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Wednesday 29 Oct 2014

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Taro Naw investigates tyre-dumping

Con men are preying on Welsh businesses by running illegal tyre-dumping scams which can leave innocent people thousands of pounds in debt.

And now victims have criticised the Government-funded body responsible for protecting the environment by claiming they are being punished for other people's crimes.

On tonight's edition of BBC Wales' current affairs programme Taro Naw (Tuesday 22 September, BBC Cymru Wales on S4C), people who have fallen foul of the con men share their stories.

The schemes take advantage of a recent EU directive which states that tyres can no longer be disposed of in landfill sites.

Garage owners are now responsible for making sure their excess tyres are disposed of within the law – which means making sure they are taken away for recycling.

But one north Wales businessman, Steve Marlow and his wife Amy, found a way of flouting the law for their own financial gain.

The Marlows would advertise themselves on the internet as a legitimate business picking up used tyres from garages across north Wales for a fee. He would then approach businesses or individuals with storage units on their land and arrange to store the tyres. The Marlows would then abandon the tyres and pocket the profits for themselves.

One woman in Towyn in north Wales was left with 20,000 tyres on her property.

She tells Taro Naw: "It's been a constant worry. Every morning you wake up and it's on your mind all the time. How can you get rid of the tyres?

"Because of the nature of what you've got here you can't just dump it or sell it on or burn it. The only way of getting rid of them is the legal way and get a company in."

Maria Burt was horrified to discover that the Environment Agency, the public body responsible for tacking environmental crime of this nature, expected her to foot the bill of more than £20,000 for clearing her own land.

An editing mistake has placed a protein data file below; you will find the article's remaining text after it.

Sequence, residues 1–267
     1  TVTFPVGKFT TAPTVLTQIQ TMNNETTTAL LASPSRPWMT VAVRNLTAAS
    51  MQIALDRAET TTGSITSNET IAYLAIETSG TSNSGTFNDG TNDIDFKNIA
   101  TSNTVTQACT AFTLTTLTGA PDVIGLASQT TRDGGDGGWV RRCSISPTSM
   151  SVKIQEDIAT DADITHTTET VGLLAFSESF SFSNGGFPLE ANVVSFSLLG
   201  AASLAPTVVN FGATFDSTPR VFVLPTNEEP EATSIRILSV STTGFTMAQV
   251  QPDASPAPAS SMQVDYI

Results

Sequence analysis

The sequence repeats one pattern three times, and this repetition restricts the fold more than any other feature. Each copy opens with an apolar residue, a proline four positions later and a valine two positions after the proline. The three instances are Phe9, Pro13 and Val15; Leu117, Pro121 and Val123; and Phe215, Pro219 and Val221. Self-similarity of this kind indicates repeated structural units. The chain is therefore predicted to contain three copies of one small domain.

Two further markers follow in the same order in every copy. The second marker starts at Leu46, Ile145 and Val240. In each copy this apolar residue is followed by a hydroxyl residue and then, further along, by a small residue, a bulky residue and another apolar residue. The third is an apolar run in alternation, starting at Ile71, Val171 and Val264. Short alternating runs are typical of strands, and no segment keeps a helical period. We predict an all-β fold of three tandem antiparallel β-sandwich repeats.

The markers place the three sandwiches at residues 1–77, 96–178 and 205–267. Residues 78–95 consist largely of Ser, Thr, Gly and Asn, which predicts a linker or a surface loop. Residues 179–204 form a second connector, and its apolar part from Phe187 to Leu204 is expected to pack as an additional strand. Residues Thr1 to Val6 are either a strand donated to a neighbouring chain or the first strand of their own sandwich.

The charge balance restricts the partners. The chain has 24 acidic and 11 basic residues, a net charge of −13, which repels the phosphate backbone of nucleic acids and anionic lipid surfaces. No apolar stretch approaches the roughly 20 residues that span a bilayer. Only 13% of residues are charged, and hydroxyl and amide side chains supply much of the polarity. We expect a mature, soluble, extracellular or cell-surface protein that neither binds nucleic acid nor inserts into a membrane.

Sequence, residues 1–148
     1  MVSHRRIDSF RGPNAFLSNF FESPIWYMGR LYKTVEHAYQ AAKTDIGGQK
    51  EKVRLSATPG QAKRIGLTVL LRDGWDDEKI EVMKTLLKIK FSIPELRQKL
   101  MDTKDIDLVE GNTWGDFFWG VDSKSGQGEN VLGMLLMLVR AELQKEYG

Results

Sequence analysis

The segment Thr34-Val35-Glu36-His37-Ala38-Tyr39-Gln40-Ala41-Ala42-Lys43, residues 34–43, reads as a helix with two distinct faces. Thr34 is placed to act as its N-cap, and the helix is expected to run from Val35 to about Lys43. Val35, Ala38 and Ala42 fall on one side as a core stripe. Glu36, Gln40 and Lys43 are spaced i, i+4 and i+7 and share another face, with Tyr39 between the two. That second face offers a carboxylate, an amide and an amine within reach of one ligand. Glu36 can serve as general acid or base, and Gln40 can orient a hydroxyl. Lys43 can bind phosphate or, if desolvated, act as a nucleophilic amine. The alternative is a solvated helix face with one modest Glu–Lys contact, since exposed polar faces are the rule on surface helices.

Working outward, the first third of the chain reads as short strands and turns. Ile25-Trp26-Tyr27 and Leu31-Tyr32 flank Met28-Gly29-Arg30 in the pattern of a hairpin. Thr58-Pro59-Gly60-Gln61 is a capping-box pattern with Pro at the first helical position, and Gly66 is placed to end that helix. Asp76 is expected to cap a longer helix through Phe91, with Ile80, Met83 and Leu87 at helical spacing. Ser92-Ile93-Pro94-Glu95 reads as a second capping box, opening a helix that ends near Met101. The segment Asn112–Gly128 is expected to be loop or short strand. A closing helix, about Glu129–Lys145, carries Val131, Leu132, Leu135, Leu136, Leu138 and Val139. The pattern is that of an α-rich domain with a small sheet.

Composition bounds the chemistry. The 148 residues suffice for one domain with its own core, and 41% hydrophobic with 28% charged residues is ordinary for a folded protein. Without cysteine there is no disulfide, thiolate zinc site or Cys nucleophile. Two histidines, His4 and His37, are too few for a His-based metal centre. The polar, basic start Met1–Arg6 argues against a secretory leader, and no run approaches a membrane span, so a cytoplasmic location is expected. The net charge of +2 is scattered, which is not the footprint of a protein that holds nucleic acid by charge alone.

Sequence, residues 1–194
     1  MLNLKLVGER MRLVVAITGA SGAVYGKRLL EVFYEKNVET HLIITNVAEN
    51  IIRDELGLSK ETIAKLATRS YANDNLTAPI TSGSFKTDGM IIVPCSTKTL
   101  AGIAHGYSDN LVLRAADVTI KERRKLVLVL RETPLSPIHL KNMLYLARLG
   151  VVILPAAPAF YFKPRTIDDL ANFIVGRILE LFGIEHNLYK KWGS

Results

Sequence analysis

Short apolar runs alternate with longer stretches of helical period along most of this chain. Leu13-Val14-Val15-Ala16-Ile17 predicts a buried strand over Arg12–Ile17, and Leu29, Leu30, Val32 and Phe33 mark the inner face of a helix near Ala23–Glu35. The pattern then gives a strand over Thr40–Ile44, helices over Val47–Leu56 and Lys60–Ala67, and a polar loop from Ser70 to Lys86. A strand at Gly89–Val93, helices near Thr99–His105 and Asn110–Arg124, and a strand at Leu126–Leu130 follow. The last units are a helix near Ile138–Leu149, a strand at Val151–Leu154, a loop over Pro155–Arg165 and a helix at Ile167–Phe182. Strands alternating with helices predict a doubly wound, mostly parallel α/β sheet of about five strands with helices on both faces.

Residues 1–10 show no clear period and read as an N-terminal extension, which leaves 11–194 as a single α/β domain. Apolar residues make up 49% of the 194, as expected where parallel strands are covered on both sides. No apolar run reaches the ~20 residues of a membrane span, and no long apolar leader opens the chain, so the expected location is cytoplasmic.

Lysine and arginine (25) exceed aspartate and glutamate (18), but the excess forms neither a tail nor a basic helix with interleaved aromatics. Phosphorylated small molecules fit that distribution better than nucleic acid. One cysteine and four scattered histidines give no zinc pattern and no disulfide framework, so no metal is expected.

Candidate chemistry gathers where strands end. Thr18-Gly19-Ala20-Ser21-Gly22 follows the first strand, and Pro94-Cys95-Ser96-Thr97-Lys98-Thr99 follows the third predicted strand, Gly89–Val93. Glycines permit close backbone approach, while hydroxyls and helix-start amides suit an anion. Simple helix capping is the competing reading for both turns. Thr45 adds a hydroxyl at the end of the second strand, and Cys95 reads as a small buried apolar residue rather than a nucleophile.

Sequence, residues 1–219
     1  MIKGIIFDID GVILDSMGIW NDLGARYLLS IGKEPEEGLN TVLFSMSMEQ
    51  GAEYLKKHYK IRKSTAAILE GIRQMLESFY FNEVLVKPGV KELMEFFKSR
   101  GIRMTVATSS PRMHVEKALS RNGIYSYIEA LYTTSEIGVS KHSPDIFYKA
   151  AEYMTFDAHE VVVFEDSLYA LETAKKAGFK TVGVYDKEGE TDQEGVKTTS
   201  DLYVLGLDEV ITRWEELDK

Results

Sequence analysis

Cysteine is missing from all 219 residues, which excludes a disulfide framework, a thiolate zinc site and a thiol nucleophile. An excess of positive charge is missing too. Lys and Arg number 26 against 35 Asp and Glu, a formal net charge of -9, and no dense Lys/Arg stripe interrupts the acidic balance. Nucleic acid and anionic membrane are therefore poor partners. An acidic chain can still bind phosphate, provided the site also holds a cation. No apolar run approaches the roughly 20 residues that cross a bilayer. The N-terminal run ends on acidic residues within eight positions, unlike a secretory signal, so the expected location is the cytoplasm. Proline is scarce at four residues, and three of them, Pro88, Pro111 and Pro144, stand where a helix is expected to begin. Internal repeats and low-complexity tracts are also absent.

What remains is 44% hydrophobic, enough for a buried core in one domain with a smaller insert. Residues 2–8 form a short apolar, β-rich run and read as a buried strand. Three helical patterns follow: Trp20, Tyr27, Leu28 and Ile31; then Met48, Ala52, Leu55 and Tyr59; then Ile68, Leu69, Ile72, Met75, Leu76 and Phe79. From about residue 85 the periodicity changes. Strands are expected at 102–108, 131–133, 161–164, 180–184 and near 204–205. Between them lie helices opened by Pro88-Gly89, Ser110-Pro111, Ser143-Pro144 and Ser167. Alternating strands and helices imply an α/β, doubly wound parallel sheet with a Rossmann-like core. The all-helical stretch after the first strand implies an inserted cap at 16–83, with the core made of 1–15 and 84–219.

Gwlithyn Owen from Denbighshire was another one of Steve Marlow's victims. She was left with more than 3,000 tyres on her property. She too was angry with the Environment Agency.

"The Environment Agency didn't help us, even though we helped them. It cost us three grand to get rid of all those tyres," she says.

"It makes you feel as if you wouldn't help them ever again. You'd rather deal with the problem yourself and just not bother letting them know."

Environment Agency officer Iwan Williams defends the authority's standpoint: "We are willing to work with the public to ensure that we dispose of these tyres in a responsible way. But the taxpayer shouldn't have to pay for the disposal of tyres from private land."

Meanwhile Taro Naw's investigation reveals that the Marlows had escaped arrest by fleeing to Majorca, where they have ignored the programme's efforts for a response to the allegations being made against them.

It is estimated that it costs local authorities in the UK around £1.65million a year to clear illegally disposed tyres.

Taro Naw, Tuesday 22 September 2009, BBC Cymru Wales on S4C, 9.30pm

BBC Wales Communications

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